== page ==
This Friday, the common metaphor becomes a reality.
Astronomers, amateur skywatchers and other interested persons should pay close attention to the sky tomorrow as a "blue moon" will appear for the first time in three years. It will reach its full phase starting at 9:58 a.m. EST. If you miss it, you'll have to wait until July 2015 to catch another glimpse.
As these things tend to go, the "once in a blue moon" metaphor is a bit misleading. First, blue moons are neither blue nor incredibly rare. They occur about once every 2.7 years and look just like every other full moon you've seen.
The moon that rises this Friday will still be the same rock we've had for a few billion years now. However, it is possible for it to appear blue, assuming there's a lot of ash or dust in the air. But barring any volcano or massive forest fires, the moon will shine as pale as ever.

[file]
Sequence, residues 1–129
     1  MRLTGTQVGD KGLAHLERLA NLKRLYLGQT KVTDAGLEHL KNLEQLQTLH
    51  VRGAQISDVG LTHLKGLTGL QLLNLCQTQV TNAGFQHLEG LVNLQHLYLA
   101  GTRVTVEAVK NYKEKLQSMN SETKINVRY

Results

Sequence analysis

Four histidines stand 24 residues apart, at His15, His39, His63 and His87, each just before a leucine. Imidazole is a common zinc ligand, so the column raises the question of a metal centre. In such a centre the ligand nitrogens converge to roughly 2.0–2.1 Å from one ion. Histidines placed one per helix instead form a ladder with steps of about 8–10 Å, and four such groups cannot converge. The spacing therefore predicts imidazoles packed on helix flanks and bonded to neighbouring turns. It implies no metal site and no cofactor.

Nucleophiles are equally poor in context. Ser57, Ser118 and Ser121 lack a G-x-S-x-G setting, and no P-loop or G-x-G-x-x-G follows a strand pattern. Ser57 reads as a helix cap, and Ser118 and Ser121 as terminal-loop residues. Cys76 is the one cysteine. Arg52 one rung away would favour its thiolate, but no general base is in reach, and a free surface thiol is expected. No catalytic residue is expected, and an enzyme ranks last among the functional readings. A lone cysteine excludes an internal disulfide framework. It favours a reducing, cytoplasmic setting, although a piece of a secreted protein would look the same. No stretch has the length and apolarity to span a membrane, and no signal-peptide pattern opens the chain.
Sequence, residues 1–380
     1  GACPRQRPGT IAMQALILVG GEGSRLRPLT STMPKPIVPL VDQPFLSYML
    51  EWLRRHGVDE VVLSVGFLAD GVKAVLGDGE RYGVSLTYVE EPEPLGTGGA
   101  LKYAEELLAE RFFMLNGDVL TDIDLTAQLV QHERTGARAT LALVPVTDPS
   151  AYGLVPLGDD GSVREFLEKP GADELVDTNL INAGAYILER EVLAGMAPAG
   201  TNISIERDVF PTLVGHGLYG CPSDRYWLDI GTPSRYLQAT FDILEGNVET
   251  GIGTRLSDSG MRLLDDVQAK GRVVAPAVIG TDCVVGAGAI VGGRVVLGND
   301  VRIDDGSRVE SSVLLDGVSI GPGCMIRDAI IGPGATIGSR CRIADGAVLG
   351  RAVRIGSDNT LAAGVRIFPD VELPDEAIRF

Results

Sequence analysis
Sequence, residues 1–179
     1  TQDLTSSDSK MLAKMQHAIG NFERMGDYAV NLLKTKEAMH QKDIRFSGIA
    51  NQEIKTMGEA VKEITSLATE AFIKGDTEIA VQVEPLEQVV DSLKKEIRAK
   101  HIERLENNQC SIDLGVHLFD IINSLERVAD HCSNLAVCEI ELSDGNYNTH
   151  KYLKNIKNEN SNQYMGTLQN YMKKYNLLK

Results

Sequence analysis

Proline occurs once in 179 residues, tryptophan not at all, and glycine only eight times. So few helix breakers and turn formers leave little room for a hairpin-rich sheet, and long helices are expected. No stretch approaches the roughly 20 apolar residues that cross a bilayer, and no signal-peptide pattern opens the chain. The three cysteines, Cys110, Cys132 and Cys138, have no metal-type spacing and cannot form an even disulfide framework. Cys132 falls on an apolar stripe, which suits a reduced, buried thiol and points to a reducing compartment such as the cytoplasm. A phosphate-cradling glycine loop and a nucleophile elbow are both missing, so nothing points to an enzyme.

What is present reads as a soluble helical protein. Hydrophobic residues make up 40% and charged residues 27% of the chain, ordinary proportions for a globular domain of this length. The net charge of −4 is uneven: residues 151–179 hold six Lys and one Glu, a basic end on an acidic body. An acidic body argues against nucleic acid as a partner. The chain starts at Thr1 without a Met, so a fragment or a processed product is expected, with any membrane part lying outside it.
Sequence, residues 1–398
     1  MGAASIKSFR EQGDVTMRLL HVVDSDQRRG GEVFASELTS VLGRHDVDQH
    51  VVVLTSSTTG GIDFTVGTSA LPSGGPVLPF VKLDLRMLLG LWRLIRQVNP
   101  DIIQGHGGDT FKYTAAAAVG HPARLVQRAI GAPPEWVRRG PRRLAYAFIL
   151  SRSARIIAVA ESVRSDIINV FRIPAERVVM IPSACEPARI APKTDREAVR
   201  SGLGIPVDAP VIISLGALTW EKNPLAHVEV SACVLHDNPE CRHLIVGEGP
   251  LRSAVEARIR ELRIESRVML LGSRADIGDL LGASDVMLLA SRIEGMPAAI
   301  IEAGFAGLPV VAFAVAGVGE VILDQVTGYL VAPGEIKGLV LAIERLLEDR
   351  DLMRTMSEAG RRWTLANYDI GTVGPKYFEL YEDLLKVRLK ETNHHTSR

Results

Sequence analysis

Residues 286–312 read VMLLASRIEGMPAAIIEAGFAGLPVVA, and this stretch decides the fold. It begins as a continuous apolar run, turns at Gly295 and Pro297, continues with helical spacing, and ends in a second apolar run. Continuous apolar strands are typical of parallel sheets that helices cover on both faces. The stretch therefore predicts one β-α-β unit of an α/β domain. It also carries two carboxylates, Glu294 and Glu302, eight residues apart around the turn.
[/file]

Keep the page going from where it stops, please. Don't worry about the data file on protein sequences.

Though the definition has changed over time, today we call the second full moon in any given month a blue moon. Because the moon orbits the Earth in 29.5 days and most months are either 30 or 31 days long, a second full moon occasionally occurs in the same month.